NTUC leader and prominent unionist Mahmud Awang dies, aged 93

A photo from March 27, 2015, showing Mr Mahmud Awang speaking at NTUC's memorial ceremony for the late Mr Lee Kuan Yew. PHOTO: BERITA HARIAN
Mr Mahmud Awang was among those who helped NTUC get started. PHOTO: ST FILE

SINGAPORE - Mr Mahmud Awang, one of the founders of the National Trades Union Congress (NTUC), and its first caretaker president, died on Monday (Jan 4).

He was 93.

Mr Mahmud, who was also a People's Action Party MP, was a prominent unionist who laid the foundations for Singapore's pragmatic approach to union issues and helped workers here improve their wages and working conditions.

Born in Kluang, Johor, in 1928, Mr Mahmud moved here during World War II as one of many young men compelled by the Japanese occupying forces to work at their naval school in Sembawang.

He went back to Kluang after the war but returned to Singapore to find work. He then joined the Singapore Traction Company, which ran buses, as a conductor.

It was there that Mr Mahmud became involved in union work. In 1955, he joined several other workers to lead a five-month strike by the company to protest against low wages.

Following a brief detention the year after by the colonial authorities, Mr Mahmud joined the United Malays National Organisation, or Umno, but left in 1959 as he felt party leaders were too chauvinistic towards other races.

But in that time, he had earned a reputation for his leadership skills and was elected the president of the Singapore Traction Company Employees' Union in 1958 - a post he was re-elected to for several years.

Mr Mahmud went on to become president of the Singapore Trade Union Congress (STUC) in 1960. The STUC brought various unions together but had a rival in the Singapore Association of Trade Unions (Satu), which was rife with communist elements.

Mr Mahmud and other union leaders decided that the workers had to be united under one flag and made the decision to disband STUC to form NTUC. He helmed it as the caretaker president, before Mr Ho See Beng became the first president.

Where Satu employed a more aggressive approach to union issues by continuing to organise protests and strikes, NTUC and Mr Mahmud opted for a more pragmatic approach by bringing cases to court.

"NTUC's approach proved successful and caused workers aligned with Satu to switch sides as they saw how continued striking did not improve their working conditions and even threatened their livelihoods," said NTUC on its website.

Not long after, PAP leaders convinced him to stand for election and despite some initial reluctance, he did.

When the MP for Anson, Mr Baharuddin Ariff, died in 1961, Cabinet minister Ahmad Ibrahim approached Mr Mahmud to stand as a candidate in the constituency. He agreed, and narrowly lost to former chief minister David Marshall by about 500 votes.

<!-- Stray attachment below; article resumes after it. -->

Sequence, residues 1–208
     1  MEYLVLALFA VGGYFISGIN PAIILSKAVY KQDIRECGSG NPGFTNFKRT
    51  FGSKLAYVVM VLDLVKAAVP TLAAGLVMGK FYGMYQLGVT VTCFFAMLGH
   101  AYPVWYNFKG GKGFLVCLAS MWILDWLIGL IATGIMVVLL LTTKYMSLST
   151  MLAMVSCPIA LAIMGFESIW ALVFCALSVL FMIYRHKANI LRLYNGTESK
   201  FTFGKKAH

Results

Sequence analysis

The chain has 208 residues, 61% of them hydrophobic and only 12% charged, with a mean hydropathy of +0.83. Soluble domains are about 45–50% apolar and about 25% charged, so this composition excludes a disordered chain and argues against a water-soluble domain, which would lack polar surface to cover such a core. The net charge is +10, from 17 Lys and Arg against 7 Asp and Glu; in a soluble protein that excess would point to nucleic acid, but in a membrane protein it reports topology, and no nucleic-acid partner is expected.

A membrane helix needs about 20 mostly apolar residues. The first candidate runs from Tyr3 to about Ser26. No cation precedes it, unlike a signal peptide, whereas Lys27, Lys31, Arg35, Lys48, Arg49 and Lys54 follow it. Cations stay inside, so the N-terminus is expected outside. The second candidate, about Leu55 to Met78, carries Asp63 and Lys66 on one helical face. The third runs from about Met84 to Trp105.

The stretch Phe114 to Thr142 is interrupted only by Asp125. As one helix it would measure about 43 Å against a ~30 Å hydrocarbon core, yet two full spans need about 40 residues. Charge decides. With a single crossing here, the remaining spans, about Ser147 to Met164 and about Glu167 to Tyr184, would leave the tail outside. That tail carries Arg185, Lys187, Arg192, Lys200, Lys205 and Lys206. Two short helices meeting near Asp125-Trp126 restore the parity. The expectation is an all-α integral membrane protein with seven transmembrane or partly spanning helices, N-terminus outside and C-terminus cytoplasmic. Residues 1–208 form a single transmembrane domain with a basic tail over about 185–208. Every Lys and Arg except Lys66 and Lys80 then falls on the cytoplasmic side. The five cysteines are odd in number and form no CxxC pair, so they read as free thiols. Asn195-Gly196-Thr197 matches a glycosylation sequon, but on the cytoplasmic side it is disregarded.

In 1963, he again stood for election to the legislative assembly in Kampong Kapor, and won the seat for the PAP. He served as an MP for the next five years, stepping down in 1968.

A photo from 1961 showing Mr Awang talking to reporters after his defeat in the Anson by-election. PHOTO: NTUC

In a condolence letter to Mr Mahmud's son Endut on Tuesday, Prime Minister Lee Hsien Loong said Mr Mahmud was one of Singapore's founding leaders, and a stalwart in the fight against the communists.

"He belonged to the small group of unionists who held the line against the leftists, and eventually persuaded workers to cast their lot with the PAP," PM Lee said.

In the two years when Singapore was in Malaysia, Mr Mahmud was among the Malay PAP leaders who came under "fierce and relentless pressure" by Umno politicians to choose race over nation, PM Lee said.

"But Encik Mahmud and his comrades embraced the nobler dream and held firm in their conviction. Because of their courage and leadership, the vision of a multiracial Singapore was kept alive, and is today a reality."

Mr Lee Kuan Yew was forever grateful for Mr Mahmud's stout-hearted support at this critical moment in Singapore's history, and they kept in touch, PM Lee added.

"We were honoured that Encik Mahmud was one of the pallbearers at Mr Lee's funeral in 2015."

In a letter sent to Mr Mahmud's family and shared with the media on Tuesday, NTUC President Mary Liew and Secretary-General Ng Chee Meng said that the labour movement is saddened by his passing.

They noted that Mr Mahmud was an early champion of Singapore's unique tripartism approach, which has given the country its competitive edge.

"Without pioneer union leaders such as Brother Mahmud, Singapore would perhaps not be able to stand apart or even transform from third world to first," they said.

North West District Mayor and PAP executive director Alex Yam on Monday paid tribute to Mr Mahmud on Facebook, saying that he was lucky to have learnt from the latter's experience.

Mr Yam was a trade unionist with NTUC for seven years and still serves as adviser to its United Workers of Petroleum Industries union.

"I was privileged to have met Encik Mahmud on a number of occasions over the years and to have learnt from his vast experience," said Mr Yam.

"He was a first-hand witness to the tumult of our early years and was a key player in ensuring that Singapore stayed non-communist and non-communalist."

A photo from Oct 9, 2014, showing Mr Awang (right) and Dr Yaacob Ibrahim at the National Library Board for the launch of the reprint of The Battle For Merger. PHOTO: BERITA HARIAN

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